Spine Health. PROCEDURE 17 – SELF-CORRECTION OF LATERAL SHIFT Having corrected the lateral shift and the blockage to extension, it is now essential to teach the patient to perform self-correction by side gliding in standing followed by extension in standing. This must be done on the very first day, so that the patient is equipped with a means of reducing the derangement himself at first sign of regression. Failure to teach self-correction will lead to recurrence within hours, ruining the initial reduction, and the patient will return the next day with the same deformity as on his first visit. I have discarded the technique of self-correction as described previously and instead I now teach patients to respond to pressures applied laterally against shoulder and pelvis. Initially, therapist’ assistance is required. Patient and therapist stand facing each other. The therapist places one hand on the patient’s shoulder on the side to which he deviates, and the other hand on the patient’s opposite iliac crest. The therapist applies pressure by squeez...
Spine Health. PROCEDURE 11 — SUSTAINED ROTATION/MOBILISATION IN FLEXION The patient lies supine on the couch, and the therapist stands on the side to which the legs are to be drawn, facing the head end of the couch. The patient’s far shoulder is held firmly on the couch by the therapist’s near hand, providing fixation and stabilisation. With the other hand the therapist flexes the patient’s hips and knees to a rightangle and carries them towards himself, causing the lumbar spine to rotate. With the patient’s ankles resting on the therapist’s thigh the knees are allowed to sink as far as possible and the legs are permitted to rest in that extreme position. The lumbar spine is now hanging on its ligaments in a position which combines side bending and rotation. By pushing the knees further towards the floor the therapist applies overpressure to take up the remaining slack in the lumbar spine. Depending on the purpose for which the procedure is used, the position of extreme rotation is maintained for a shorter or longer period. Fig. Sustained rotation/mob...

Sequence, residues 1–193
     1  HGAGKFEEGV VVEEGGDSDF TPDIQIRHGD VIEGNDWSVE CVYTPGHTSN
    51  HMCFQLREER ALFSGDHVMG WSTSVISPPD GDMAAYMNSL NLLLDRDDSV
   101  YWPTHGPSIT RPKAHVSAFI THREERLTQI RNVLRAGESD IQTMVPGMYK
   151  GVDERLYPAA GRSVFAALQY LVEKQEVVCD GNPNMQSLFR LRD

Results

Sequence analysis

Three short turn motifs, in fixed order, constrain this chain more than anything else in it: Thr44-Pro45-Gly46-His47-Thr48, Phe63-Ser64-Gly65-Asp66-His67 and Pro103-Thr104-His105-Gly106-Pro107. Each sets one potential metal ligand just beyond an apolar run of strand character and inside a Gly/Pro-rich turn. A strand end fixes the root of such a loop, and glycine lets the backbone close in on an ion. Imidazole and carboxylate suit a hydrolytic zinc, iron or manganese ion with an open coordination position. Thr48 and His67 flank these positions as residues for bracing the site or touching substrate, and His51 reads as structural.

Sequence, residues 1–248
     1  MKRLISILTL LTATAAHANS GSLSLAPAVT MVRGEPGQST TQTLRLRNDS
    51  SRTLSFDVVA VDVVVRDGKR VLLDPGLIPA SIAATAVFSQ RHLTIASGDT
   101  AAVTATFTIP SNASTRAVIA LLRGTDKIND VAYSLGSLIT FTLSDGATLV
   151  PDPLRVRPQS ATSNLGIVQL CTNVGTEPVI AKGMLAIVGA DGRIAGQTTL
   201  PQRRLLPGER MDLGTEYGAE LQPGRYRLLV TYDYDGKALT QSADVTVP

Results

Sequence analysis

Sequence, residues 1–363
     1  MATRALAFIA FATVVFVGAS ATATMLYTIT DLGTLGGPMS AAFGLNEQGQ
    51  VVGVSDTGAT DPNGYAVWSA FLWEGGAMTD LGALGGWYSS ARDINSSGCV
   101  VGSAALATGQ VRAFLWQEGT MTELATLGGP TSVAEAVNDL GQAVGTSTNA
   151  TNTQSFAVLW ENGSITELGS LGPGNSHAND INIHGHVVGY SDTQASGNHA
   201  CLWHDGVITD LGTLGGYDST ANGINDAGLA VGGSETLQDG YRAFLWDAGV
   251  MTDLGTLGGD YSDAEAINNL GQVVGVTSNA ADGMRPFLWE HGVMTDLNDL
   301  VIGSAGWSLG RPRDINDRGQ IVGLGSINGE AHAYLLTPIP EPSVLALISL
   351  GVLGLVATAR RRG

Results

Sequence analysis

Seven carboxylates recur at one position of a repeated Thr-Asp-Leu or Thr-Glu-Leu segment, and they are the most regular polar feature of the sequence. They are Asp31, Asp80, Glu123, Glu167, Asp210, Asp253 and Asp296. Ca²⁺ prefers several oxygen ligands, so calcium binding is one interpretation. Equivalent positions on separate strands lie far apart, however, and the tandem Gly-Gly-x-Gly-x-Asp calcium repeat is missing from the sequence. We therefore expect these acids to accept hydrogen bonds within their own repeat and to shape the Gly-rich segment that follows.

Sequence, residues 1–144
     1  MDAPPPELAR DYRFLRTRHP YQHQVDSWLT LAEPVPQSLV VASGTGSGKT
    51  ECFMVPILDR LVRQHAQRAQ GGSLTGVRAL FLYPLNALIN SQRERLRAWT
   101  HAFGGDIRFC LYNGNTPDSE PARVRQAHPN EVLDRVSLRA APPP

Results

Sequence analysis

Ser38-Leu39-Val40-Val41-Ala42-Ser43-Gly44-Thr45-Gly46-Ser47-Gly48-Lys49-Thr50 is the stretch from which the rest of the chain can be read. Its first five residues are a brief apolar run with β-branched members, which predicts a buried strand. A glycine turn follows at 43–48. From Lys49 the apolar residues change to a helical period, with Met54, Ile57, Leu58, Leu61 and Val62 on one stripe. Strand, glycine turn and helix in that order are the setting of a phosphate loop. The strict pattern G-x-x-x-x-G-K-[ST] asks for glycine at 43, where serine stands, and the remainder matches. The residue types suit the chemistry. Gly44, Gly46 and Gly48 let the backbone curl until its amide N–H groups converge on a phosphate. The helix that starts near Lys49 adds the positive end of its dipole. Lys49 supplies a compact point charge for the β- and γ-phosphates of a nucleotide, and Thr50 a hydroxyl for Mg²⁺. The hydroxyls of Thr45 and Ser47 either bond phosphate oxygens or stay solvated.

Spine Health. PROCEDURE 12 — ROTATION MANIPULATION IN FLEXION The sequence of procedure 11 must be followed completely to perform the required pre-manipulative testing. If the manipulation is indicated a sudden thrust of high velocity and small amplitude is performed, moving the spine into extreme side bending and rotation. Fig. Rotation manipulation in flexion. Effects: There are many techniques devised for rotation manipulation of the lumbar spine. When rotation of the lumbar spine is achieved by using the legs of the patient as a lever or fulcrum of movement, confusion arises as to the direction in which the lumbar spine rotates. This is judged by the movement of the upper vertebrae in relation to the lower — for example, if the patient is lying supine and the legs are taken to the right, then the lumbar spine rotates to the left. It has become widely accepted that rotation manipulation of the spine should be performed by rotation away from the painful side. This has applied to derangement as well as dysfunction, because hitherto n...